The last few answers I have posted have been systematically targeted with deletion by a particular moderator, Keelan, after, I presume, his feelings were hurt. Attempting to discern from him the reason for their bulk removal, it seemed that he had a dislike for answers that were short and without references.

Ideally, answers should be concise so as not to be convoluted. References are used when the proof upon which an answer is based is too long to include within the answer. When the proof is contained within the answer, logical reasoning suffices.

Hence, why would it be correct to remove answers which are otherwise valid answers, but which are concise, and do not contain references, by virtue of containing the proof of any claims made, within the answer itself?

3 Answers 3


Thanks for bringing this to Meta.

We had received several low quality flags on three of your posts which brought me to commenting on the first to see if it could be improved, deleting it when it became clear that it wouldn't be, and deleting the others directly because you had made it quite clear that you did not intend to improve your posts on the basis of what would be useful for the OP. As a standard procedure, I had a look on your other recent posts after having received the flags, but fortunately most of them were fine.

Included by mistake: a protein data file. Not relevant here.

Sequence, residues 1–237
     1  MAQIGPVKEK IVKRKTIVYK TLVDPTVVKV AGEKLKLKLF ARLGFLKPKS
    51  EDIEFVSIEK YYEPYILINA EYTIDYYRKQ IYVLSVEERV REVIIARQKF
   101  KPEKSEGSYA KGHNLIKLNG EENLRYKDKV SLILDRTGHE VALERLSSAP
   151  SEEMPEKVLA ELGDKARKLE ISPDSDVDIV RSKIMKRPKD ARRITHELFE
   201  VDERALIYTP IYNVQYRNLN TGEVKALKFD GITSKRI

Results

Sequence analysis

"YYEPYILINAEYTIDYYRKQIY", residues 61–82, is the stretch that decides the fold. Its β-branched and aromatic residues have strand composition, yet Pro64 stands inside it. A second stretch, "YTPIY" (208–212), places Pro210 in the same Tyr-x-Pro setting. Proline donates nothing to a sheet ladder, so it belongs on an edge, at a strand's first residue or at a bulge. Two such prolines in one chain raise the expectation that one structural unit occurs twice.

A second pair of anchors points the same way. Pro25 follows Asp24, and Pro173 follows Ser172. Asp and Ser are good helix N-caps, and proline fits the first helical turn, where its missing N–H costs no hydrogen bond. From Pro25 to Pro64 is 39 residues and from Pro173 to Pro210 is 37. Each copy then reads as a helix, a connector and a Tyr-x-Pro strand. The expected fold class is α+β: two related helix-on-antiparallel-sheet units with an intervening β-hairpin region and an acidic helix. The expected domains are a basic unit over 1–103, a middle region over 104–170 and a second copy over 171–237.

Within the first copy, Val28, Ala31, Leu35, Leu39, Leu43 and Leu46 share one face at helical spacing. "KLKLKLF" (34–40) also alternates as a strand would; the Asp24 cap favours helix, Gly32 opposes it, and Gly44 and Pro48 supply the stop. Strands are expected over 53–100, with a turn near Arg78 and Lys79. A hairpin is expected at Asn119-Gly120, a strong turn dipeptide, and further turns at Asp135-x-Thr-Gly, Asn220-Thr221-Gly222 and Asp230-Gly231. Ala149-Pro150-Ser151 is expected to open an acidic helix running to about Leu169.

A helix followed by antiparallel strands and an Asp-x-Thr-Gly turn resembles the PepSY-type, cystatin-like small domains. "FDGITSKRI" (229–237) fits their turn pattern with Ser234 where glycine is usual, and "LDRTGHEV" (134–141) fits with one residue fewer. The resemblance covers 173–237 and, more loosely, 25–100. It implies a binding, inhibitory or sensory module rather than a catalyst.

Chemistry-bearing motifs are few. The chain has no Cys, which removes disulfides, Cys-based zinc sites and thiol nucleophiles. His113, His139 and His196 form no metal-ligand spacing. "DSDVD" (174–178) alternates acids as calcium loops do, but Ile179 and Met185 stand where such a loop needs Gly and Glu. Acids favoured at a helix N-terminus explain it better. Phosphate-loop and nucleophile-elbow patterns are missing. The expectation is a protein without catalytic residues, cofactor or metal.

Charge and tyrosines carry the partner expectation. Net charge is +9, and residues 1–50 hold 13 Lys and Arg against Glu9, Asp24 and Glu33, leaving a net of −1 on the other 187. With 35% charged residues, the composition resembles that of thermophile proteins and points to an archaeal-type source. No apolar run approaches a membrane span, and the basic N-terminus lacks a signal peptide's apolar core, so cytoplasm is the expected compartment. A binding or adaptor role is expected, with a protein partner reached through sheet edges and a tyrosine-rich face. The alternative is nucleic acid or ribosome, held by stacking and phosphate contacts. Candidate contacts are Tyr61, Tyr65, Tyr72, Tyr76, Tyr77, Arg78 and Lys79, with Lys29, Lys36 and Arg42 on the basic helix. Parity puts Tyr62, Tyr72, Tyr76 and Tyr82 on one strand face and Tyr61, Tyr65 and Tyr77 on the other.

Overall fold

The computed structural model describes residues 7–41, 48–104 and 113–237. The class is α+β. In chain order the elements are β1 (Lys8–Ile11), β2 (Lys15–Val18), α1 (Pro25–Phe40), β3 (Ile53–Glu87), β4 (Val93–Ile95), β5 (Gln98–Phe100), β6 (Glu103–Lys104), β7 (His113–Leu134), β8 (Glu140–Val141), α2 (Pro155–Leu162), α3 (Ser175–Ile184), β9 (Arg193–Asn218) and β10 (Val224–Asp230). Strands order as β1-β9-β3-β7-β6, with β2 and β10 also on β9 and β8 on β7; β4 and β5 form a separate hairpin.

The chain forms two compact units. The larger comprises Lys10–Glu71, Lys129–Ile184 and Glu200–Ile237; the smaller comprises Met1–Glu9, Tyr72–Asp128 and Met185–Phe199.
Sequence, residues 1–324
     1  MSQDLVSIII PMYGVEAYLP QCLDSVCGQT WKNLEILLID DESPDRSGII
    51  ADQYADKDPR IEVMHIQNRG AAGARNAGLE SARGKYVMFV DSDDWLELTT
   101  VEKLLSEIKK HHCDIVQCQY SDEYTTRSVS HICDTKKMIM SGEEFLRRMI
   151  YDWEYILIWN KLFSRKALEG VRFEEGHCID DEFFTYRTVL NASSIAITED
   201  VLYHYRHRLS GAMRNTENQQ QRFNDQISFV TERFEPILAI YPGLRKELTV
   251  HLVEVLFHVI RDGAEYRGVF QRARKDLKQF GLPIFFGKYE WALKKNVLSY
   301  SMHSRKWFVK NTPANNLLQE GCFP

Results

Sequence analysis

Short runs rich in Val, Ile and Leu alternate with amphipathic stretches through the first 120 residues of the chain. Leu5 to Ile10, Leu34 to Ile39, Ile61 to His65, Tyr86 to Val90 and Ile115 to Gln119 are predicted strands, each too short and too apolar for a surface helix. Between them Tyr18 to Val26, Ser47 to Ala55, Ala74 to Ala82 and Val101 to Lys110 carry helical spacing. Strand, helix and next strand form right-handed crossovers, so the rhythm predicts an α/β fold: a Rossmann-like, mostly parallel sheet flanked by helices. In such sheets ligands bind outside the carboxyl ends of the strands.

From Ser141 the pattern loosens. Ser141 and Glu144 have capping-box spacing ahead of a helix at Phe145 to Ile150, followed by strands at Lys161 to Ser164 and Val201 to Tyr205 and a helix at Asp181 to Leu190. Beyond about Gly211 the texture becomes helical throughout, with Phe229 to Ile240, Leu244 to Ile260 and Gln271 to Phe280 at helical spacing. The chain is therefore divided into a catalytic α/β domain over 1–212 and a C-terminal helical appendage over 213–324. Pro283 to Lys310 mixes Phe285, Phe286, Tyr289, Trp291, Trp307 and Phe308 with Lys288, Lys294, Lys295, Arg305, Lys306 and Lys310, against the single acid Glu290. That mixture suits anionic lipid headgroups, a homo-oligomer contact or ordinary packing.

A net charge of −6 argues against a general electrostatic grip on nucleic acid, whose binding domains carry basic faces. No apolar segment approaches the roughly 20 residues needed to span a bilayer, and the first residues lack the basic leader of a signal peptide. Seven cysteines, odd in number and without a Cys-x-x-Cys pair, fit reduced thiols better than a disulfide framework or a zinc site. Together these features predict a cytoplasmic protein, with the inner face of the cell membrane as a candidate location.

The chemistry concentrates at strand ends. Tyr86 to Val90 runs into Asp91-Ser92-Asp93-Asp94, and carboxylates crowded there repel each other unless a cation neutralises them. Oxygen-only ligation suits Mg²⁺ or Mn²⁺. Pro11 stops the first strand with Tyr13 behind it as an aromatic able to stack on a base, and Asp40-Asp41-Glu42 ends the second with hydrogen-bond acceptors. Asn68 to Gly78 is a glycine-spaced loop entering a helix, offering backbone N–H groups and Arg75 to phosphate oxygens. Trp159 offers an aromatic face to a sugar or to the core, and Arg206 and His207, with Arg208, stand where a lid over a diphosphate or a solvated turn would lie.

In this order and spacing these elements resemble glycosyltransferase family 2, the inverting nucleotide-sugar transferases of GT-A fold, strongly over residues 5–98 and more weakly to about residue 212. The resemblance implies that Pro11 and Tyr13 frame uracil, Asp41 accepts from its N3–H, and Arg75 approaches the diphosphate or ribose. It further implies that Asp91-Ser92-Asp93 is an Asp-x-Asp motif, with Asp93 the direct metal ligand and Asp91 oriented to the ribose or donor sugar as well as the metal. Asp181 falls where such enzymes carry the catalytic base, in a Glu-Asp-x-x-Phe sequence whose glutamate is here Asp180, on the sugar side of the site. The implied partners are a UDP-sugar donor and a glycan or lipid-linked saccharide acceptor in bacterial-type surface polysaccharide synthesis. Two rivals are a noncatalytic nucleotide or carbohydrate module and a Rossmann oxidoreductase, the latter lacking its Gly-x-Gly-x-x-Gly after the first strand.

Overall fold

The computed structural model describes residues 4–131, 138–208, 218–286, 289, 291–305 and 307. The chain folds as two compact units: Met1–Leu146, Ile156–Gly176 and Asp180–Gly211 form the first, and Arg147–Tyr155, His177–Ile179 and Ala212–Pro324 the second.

However, that - helping the OP - is the core of what Stack Exchange is about. We are here to share our knowledge of a particular field with people currently exploring that field. There may be people who come to this question by searching, later on. Yes, ideally your answer is helpful to them as well. But we don't know where they are coming from and what they need in their learning process. What we do know or at least can try to guess is what the OP needs.